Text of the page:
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QUEIMADA / BURN! (1969,ITA) – 10/10

Gill Pontecorvo is probably best remembered today for the famous docu-drama “The Battle of Algiers”, which won the Oscar for the best foreign film, and brought him nominations for the best director and the best screenplay. Although he had previously filmed the holocaust drama “Kapo”, which was also nominated for an Oscar for the best foreign film, after “The Battle of Algiers” Pontecorvo got the opportunity to shoot his most ambitious film, a grandiose historical drama about a slave revolt on an island in the Caribbean in the middle 19th century. So even though the island of Queimada, as this great film is called in the original, does not exist and the story is fictional, it is one of the best depictions of colonialism and what the emergence of states and nations in Central America looked like.

The year is 1844 and the British Navy sent secret agent William Walker (Marlon Brando) to the island of Queimadu (which could be translated as burnt island) in the Lesser Antilles. Queimada is a Portuguese colony and is extremely important because there are large plantations of sugar cane and it is the main place of Portuguese sugar production and trade. Walker’s task there is to cause a slave rebellion against the Portuguese colonizers, and soon he will find a young slave named Jose Dolores who seems to him to be the perfect choice for the leader of the African slaves. Little by little, with the tactics of an experienced agent provocateur who is a master at his job, the rebellion will start, a real civil war will occur on the island and the rebels will drive away the Portuguese colonizers.

Those for independence will be elected, a new government will be elected, yesterday’s slaves will nominally become free, although they will continue to do practically the same work on the same plantations that will get new owners. Those new owners will become the British royal sugar company, and in fact that was Walker’s goal from the beginning. Although Queimada will nominally be an independent and independent state, the British company will put its own people at the head of the country, and they will give the British all the land on the island in a concession for a hundred years, thus becoming the new owners. After the successful completion of the job, Walker will return to England, but very soon the former slaves will realize not only that nothing has changed there, but that the situation has become even worse for them.

Jose Dolores will once again incite the rebellion of the former slaves, the miserable and hungry blacks who make up the vast majority of the island’s population. When the situation becomes dangerous and starts to spiral out of control in a few years, Walker will be given a new assignment and will once again return to Queimada to help put down the rebellion. And although both the story and the characters are fictional, Pontecorvo made perhaps the best film ever about colonialism and how it was actually a game between great powers. What did these incitement of slaves to rebellions look like, solely due to economic interests, and how the English, Spanish, Portuguese, French, and probably other countries that had colonies, corruptly and treacherously plundered and worked against each other, without getting involved in direct wars.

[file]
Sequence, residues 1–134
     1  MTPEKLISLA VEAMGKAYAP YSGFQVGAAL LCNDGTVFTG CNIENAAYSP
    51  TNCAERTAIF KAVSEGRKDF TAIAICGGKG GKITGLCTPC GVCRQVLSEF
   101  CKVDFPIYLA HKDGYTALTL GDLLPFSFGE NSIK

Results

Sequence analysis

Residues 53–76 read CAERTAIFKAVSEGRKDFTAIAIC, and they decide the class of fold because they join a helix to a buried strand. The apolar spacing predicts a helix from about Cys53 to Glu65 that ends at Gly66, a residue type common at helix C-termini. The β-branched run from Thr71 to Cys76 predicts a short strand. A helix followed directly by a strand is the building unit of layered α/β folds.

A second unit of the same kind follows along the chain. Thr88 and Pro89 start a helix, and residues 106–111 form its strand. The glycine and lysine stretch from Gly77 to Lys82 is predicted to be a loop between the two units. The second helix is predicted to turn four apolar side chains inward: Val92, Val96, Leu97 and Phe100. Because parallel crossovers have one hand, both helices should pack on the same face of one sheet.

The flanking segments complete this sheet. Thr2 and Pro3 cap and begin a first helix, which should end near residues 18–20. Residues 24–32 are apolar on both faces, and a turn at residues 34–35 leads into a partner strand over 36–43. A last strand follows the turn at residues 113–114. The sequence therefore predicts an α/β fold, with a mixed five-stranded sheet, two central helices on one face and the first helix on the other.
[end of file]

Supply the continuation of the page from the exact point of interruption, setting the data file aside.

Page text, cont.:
All these were in fact the games of the great powers and Pontecorvo made a film that hits the very core and unsurpassedly shows the way the capitalist system worked, and to a large extent still works today. Walker is a true capitalist here, a man who will do whatever he is asked and paid to do even though he is well aware of the consequences for the people he pretends to lead. Although the methods and tactics are somewhat different today, the principle of functioning is still very similar and the whole world is a big chess board of great powers that may have changed since that time, but everything is very similar.

About a hundred years after America, practically everything was the same in Africa, where all these countries nominally gained independence, but they are still largely under the influence of various forces and exist solely to extract profit from them. Rebellions are fomented, civil wars are sparked to harm or protect interests, and large companies or individuals own virtually all resources while poor people starve to death or in rubber boats trying to reach Europe. Once again, Pontecorvo decided to apply a neorealist approach and everything here seems so realistic, authentic, real. Along with Brando and a few other professionals, he hired naturals for most of the roles, and we have thousands of extras, and it works from the first scene to the last in a grandiose, sensational way.

There were a lot of problems during the filming, breaking the budget, because of which United Artists almost fired the perfectionist Pontecorvo. However, Brando, perhaps the greatest actor of all time, rebelled against this, and because of his role in this film, he turned down roles in many other films, and later wrote in his autobiography that Pontecorvo, along with Elia Kazan and Bernardo Bertolucci, was the best director he worked with. the radio. He pointed out that his acting in “Burn!” considered one of the best in general and Brando is truly masterful even though his, like all the other actors’ voices, was dubbed into the Italian language in which the film appeared on the market. We must not forget to mention the standard outstanding score by the great Ennio Morricone.